First zero net energy school reflects on lessons learned

Pegasus Bay School, a full primary 25 km north of Christchurch, is a thoroughly modern institution – and the country’s first ‘net zero energy school’.

The first Canterbury school to be built post-earthquake, Pegasus Bay is a slick-looking collection of airy teaching spaces where students choose between collaborative or quiet areas, and use equipment powered by solar energy.

This is New Zealand’s first net zero energy school with design features that include solar panels for hot water, photovoltaric panels that produce the school’s electricity, lights that automatically turn down in case of sufficient natural light, temperature sensors for areas with heating, thicker insulation, better glazing, and natural ventilation strategies.

The school, which opened in May, 2014, to much fanfare from the Ministry of Education, is the result of seven years’ planning and a budget of $15.6 million. However, the excitement of moving into a purpose-built modern learning environment with eco-friendly features brought with it some huge challenges for the school community.

Outside interest in the school was such that the administration team was overwhelmed by requests for tours and information. “It was unbelievable,” recalls principal Roger Hornblow. “The ministry helped with some extra staffing, but the time and energy put into the tours was huge. I kept saying, ‘To whom much is given, much is expected’ and so felt compelled to honour each tour. Being one of the first to make the shift to modern learning environments (MLE), there was very little guidance or assistance available to us in the early stages of our journey and so we made a conscious decision to offer help to schools.”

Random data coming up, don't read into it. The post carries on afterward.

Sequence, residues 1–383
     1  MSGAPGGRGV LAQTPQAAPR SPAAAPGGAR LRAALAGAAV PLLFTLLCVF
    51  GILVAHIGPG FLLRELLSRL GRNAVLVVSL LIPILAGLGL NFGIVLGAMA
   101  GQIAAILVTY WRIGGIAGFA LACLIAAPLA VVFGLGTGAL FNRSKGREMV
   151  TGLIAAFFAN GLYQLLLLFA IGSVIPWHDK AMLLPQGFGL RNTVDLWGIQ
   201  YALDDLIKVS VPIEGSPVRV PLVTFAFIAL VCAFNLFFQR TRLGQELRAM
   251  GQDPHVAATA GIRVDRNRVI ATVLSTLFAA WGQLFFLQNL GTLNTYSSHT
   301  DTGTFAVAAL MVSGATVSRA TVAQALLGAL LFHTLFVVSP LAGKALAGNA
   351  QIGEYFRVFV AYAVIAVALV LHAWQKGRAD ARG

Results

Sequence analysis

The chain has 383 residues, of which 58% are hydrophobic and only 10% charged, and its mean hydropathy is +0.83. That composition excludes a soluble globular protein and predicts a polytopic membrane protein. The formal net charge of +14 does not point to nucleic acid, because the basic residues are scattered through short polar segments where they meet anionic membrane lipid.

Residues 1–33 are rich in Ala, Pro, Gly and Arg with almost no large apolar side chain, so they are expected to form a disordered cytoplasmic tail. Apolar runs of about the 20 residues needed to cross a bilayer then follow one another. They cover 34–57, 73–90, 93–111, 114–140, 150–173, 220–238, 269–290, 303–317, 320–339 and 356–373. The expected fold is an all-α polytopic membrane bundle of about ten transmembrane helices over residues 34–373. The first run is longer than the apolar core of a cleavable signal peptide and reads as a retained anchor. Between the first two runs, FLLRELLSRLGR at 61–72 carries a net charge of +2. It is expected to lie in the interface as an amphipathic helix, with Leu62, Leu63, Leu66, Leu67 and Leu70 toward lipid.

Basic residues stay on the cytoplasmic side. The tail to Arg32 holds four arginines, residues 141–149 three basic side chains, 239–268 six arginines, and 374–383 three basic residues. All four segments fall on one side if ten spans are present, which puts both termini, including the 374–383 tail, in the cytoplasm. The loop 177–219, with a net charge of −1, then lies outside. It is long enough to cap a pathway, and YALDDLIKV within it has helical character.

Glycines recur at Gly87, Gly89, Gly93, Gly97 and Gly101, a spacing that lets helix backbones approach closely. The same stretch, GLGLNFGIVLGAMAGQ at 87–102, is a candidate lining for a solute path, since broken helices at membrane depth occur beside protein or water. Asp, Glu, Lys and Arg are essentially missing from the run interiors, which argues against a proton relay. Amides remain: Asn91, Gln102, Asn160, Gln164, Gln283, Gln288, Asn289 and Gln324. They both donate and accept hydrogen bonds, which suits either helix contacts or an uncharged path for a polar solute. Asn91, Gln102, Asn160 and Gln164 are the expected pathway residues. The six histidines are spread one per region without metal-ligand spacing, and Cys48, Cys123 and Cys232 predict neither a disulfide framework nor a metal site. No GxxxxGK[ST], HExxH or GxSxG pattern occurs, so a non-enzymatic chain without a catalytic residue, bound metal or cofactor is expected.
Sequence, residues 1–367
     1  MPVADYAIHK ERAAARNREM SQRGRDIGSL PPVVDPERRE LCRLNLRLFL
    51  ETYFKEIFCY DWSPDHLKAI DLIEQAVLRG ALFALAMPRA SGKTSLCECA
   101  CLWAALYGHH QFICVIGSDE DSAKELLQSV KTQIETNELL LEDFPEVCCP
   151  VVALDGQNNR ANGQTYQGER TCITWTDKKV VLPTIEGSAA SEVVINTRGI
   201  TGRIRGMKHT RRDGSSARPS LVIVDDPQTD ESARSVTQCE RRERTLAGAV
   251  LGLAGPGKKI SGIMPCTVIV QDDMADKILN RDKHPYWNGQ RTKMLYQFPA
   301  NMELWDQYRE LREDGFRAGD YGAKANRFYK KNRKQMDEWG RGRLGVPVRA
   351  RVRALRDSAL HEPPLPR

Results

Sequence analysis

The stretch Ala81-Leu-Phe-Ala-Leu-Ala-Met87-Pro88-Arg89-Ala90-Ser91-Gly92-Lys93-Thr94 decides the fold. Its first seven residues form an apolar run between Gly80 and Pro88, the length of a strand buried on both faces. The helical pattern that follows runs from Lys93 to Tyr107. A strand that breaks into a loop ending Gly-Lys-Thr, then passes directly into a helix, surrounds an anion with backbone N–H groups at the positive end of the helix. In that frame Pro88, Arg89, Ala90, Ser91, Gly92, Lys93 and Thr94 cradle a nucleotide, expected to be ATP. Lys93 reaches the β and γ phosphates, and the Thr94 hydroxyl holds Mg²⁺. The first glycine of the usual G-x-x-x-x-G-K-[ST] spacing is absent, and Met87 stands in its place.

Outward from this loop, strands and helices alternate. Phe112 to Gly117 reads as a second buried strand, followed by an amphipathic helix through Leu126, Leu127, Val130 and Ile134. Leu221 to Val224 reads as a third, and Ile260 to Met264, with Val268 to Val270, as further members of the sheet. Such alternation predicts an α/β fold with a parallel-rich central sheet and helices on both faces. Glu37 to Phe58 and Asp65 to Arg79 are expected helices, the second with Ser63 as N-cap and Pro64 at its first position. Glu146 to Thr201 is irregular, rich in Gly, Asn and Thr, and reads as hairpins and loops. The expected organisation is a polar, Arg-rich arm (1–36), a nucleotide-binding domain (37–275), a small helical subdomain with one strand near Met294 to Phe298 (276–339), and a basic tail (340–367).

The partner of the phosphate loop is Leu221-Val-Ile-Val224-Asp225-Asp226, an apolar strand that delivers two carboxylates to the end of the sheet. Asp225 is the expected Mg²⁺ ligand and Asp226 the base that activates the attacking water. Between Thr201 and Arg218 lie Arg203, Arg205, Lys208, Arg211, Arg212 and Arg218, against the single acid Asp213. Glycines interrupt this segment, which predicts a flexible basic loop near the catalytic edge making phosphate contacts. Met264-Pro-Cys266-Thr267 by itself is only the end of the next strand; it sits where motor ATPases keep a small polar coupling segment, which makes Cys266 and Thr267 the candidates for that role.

Another big challenge was managing the school’s rapid growth. Originally a small country school in Waikuku, the roll began to swell soon after construction started on a new town at nearby Pegasus Bay. 

“When I joined Waikuku in 2007, our roll was 70. We started here with 250 and we expect to grow to well over 500 this year,” says Mr Hornblow.

“Going from a staff of four teachers to nearly 40 staff in total, has been huge, let alone the pedagogical journey to maximising the potential of MLE and developing our vision and systems for collaborative teaching. We were building the plane while flying it.

“The shock of the new, coupled with the romance of the past, are two things you need to educate parents and staff through, so they can knowledgeably embrace the challenges and successes of MLE.”

The physical move from a little country school to brand new premises required further adjustments. “Waikuku School was 140 years old when we left and it had an old hedge to climb in, a swimming pool and a good playground. When we arrived at Pegasus Bay, we had stunning buildings but we came to blank grounds (apart from the netball courts) and had to start from scratch because there was no ministry funding for any playground equipment. We got a grant from Mazda Foundation for a community garden then the rest was over to the Board of Trustees (BOT) and our Parent Teacher Association (PTA).

“Three years later we are still fundraising and setting up our grounds. As well as the community garden we have a big spider web, a large tyre and rope playground, and a scooter track. The junior playground is about to be installed. The expense and time spent has been huge despite trying to source so much cheaply – another hidden cost with a new school.”

Design features include solar panels for hot water and photovoltaric panels that produce the school’s electricity